In the beginning, there was light…and names. For as long as history has been recorded, both orally and in its written form, names have existed. As such, it’s nearly impossible to determine how names originated or how they were chosen. What we do know is that early monikers were often descriptive and not just words folks liked the sound of. For example, centuries ago Irish Gaelic names derived from adjectives, like Fial (“modest”), and nouns, like Aed (“fire”).
Eventually, certain descriptive names like these were used over and over, leaving each culture with a distinctive pool of popular names. Often times, these names have remained while the descriptive words they stemmed from have passed into obscurity, leaving us with no clear answer as to what exactly they mean or why they were chosen for given names in the first place.
Today, the pools of popular names in each culture and country look entirely different than they did thousands of years ago. Aed is no longer a popular name in Ireland, but Conor—a decidedly more modern name—is common. Additionally, 21st-century parents are choosing names for their children based on their originality, familial significance, and sound as well as for their meaning.
Each year, Behind the Name consults different national statistics agencies to derive a list of the most popular baby names around the world. Using this database (last updated in 2019), Stacker takes a closer look at the five most used male and female names in 30 different countries. Most name data on this list dates from 2018, with the exception of the data from Iceland and Israel where the most recent information available was from 2016. We’ve listed the countries alphabetically, and ties in name popularity were not broken.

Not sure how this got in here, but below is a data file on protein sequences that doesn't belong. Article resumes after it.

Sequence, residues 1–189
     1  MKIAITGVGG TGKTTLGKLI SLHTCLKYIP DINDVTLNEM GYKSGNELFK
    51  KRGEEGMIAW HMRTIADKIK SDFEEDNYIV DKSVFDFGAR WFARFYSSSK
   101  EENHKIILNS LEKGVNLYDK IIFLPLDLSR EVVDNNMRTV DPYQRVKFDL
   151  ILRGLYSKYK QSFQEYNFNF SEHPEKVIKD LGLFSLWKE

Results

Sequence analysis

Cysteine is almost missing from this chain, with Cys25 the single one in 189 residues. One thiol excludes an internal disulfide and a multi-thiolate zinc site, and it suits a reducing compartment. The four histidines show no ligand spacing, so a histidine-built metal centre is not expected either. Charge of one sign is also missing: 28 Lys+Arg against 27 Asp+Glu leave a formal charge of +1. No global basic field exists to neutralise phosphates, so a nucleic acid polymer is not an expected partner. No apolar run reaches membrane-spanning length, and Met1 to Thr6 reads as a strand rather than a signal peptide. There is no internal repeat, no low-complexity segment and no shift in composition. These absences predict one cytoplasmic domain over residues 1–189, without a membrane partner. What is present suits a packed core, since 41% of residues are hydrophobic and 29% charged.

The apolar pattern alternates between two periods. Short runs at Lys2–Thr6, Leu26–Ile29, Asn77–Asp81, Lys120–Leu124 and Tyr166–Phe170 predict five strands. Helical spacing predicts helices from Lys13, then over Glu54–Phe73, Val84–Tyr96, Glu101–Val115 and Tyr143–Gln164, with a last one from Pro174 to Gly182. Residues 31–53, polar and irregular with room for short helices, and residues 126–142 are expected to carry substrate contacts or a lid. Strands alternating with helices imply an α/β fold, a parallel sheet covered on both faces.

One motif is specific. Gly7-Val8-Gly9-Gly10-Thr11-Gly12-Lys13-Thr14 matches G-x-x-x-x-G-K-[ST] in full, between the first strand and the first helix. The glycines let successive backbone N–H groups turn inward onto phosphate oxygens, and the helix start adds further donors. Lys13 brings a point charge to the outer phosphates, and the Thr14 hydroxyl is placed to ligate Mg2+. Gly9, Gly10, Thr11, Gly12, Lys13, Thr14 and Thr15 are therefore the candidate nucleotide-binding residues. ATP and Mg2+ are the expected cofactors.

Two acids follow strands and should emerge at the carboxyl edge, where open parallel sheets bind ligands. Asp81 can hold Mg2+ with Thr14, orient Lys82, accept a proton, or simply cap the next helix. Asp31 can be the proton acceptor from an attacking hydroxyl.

Click through for more information about the naming traditions and conventions in each country and to see which names are currently reigning supreme.
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- Most popular girls names: Charlotte, Amelia, Olivia, Mia, Ava
- Most popular boys names: Oliver, William, Noah, Jack, Henry
Names given Down Under tend to be similar to those given in Great Britain, the monarchy that established the first continent in the then-unexplored country. However, an assortment of indigenous languages and cultures provides a unique twist to some of the country’s popular names, like Bindi and Kirra.
- Most popular girls names: Anna, Emma, Laura, Marie, Mia/Lena
- Most popular boys names: Paul, David, Jakob, Maximilian, Felix
Much of Austrian culture has been shaped by Germany, including their language and naming conventions. So it should come as no surprise that the two countries share an affinity for the same names, including Emma (a short form of the Germanic name meaning whole) and Paul.
- Most popular girls names: Emma, Olivia, Louise, Mila, Alice
- Most popular boys names: Arthur, Noah, Adam, Louis, Liam
Nicknamed the capital of Europe, Belgium exhibits its multiculturalism by claiming three official languages: Flemish (a variation of Dutch), French, and German. The most popular names in the country are typically derived from one of these country’s naming traditions. That being said, international names, or names popular in other parts of Europe, frequently top “most popular” lists in Belgium as well, as parents are looking for classic names that will never go out of style.
- Most popular girls names: Sara, Amina, Merjem, Esma/Asja
- Most popular boys names: Ahmed, Daris, Amar, Davud, Adin